- Big picture solutions: The CAPE Framework is a good way to approach solutions to equity in computer science education. CAPE stands for Capacity for, Access to, Participation in, and Experiences of equitable computer science education. Dr. Fletcher says, “If we want to solve this problem, we have to look at the whole ecosystem. We have to look at what’s our capacity for equitable CS education. What does access look like? What is participation, and then what do the experiences look like? Does every kid feel like they belong?” Part of this involves state and district leaders intentionally collecting data to identify disparities. Once these inequities are identified, then leaders can begin addressing solutions. Ultimately, we need more computer science educators. Data shows that states that have improved teacher capacity have made a big difference in increasing computer science participation.
- Systemic problems: Our current systems were generally not created to support broad entry into computer science education. In that light, we need to examine our systems to identify which elements may perpetuate inequities and reduce participation. One example is an “opt-in” policy for advanced math programs. These policies require students and families to opt into advanced math even if their test scores show they should be placed there. When districts switched this policy from an “opt-in” to an “opt-out” practice for the top 40% of math students, the equity gap in students taking middle school algebra was “almost completely closed” in three years. This shift in policy removes a barrier and broadens participation in math and computer science.
- Flip the on-ramp: Rather than using math success as an on-ramp to computer science, we should consider flipping this. How can we get kids interested in computer science first, and then use that interest to motivate them to want to learn more math? Students are generally engaged and interested in computer science activities because they allow for creativity and fun challenges. This interest can get students excited and give them a reason to learn math.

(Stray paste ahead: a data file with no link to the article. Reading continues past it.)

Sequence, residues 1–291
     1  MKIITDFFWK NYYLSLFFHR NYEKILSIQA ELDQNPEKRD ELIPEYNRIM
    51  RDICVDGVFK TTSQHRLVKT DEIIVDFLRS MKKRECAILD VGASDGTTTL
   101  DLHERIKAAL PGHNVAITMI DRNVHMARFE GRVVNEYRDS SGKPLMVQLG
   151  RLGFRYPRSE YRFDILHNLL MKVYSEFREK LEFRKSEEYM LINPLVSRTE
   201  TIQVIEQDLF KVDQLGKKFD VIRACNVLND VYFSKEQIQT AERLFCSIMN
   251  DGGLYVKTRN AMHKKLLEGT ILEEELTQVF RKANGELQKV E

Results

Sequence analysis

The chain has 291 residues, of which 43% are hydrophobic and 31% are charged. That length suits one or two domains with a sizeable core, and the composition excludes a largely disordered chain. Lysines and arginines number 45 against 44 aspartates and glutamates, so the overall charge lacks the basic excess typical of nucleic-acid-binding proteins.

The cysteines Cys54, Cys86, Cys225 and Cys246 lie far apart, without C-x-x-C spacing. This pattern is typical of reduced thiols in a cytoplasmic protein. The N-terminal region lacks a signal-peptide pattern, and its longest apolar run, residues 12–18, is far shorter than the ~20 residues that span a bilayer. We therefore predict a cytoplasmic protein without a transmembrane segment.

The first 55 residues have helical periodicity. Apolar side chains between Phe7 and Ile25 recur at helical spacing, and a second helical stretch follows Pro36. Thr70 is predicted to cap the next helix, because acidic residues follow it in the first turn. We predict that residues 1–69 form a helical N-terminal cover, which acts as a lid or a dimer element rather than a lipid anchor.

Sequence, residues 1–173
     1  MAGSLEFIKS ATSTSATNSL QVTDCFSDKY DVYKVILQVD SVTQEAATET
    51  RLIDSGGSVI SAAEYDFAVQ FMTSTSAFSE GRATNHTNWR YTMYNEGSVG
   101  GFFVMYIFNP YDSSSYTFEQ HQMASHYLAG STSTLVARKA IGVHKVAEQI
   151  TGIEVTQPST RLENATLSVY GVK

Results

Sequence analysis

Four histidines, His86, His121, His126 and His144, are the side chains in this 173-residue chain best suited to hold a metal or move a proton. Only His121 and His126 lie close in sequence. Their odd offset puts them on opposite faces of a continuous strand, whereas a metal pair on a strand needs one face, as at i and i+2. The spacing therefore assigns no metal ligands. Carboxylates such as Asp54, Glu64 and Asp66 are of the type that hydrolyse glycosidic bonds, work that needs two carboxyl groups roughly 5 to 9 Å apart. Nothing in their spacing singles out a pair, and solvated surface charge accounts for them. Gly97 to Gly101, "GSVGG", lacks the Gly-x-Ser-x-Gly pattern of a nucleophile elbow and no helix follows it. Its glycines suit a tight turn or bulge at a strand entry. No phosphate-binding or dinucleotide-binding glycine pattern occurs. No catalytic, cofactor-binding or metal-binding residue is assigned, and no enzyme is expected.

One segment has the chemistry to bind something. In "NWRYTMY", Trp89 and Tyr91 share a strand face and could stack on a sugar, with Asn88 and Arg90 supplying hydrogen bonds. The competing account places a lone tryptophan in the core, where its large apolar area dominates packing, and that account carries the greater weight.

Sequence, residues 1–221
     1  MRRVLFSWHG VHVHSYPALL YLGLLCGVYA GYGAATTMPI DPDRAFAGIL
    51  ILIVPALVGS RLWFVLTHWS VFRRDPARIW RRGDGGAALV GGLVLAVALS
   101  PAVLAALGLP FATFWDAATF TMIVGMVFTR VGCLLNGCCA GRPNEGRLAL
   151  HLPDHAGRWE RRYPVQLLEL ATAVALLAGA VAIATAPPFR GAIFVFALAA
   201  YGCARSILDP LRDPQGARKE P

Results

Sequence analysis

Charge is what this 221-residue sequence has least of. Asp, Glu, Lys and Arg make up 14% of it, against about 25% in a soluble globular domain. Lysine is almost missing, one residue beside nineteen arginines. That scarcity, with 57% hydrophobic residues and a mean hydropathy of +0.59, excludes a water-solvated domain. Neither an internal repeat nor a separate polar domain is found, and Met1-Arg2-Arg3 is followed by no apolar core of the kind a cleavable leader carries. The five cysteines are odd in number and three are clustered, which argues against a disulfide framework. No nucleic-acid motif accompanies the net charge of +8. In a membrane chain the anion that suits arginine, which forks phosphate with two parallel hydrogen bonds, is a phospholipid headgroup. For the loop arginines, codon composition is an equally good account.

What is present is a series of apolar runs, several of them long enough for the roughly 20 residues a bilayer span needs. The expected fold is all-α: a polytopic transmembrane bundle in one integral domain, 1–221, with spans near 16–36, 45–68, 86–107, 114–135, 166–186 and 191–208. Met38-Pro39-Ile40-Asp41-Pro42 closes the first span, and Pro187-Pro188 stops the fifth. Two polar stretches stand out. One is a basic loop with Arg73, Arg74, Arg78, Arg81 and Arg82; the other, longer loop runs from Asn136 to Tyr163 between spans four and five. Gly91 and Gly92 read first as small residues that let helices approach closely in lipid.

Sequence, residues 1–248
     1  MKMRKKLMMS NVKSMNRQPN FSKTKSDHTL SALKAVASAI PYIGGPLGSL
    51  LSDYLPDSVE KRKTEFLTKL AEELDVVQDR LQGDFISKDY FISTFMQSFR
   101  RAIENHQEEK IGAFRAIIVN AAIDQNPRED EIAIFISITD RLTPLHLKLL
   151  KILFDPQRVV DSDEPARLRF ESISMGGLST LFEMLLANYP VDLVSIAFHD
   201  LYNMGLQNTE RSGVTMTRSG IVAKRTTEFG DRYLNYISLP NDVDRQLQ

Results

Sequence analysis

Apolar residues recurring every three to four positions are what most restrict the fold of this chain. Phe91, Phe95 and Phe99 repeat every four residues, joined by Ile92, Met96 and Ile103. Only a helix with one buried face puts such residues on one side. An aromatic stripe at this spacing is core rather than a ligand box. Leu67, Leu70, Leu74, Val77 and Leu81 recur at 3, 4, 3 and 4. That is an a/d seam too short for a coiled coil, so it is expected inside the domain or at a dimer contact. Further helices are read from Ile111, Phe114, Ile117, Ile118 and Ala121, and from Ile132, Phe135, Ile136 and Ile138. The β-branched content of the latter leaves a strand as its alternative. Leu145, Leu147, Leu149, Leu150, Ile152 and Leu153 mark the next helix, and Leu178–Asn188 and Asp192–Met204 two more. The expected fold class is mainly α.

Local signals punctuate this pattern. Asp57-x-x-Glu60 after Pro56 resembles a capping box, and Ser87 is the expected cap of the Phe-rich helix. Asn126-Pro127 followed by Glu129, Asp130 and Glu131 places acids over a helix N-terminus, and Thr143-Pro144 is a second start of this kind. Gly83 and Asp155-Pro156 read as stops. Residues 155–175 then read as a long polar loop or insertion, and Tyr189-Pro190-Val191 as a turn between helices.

- EPIC: Expanding Pathways in Computing (EPIC) is about “democratizing computer science education,” says Dr. Fletcher. She adds, “We are here to educate, inspire, and empower teachers and other educators in K–12, so they can help more students have access to and participate in positive experiences in CS.” This program invests heavily in the WeTeach_CS professional development program to prepare computer science teachers. They also do research and policy advocacy, helping people understand how we can leverage policy to open up more opportunities for computer science in K–12.
If you are listening to the podcast with your instructional team or would like to explore this topic more deeply, here are guiding questions to prompt your reflection:
- What student opportunities and classes do your school or district currently offer in the area of computer science?
- How many licensed computer science teachers currently work in your school or district?
- What are the advantages of bringing more computer science to K–12 schools?
- How might your school or district improve or expand its computer science education program?
- What percentage of your students currently take algebra before high school, and is this participation equitable demographically?
- How might you increase student enrollment in algebra before high school?
- Are there resources on the EPIC or E3 Alliance websites that you can leverage?
Extend Your Learning
- Expanding Pathways in Computing (Texas Advanced Computing Center)
- Expanding Computing Education Pathways (Expanding Computing Education Pathways)
- Education Equals Economics (E3 Alliance)
- WeTeach_CS (Expanding Pathways in Computing)
- Call for Advanced Math Policy (E3 Alliance)
- The CAPE Framework is Published in Communications of the ACM (Expanding Computing Education Pathways)
- Equity in Computer Science Education (K12 Computer Science)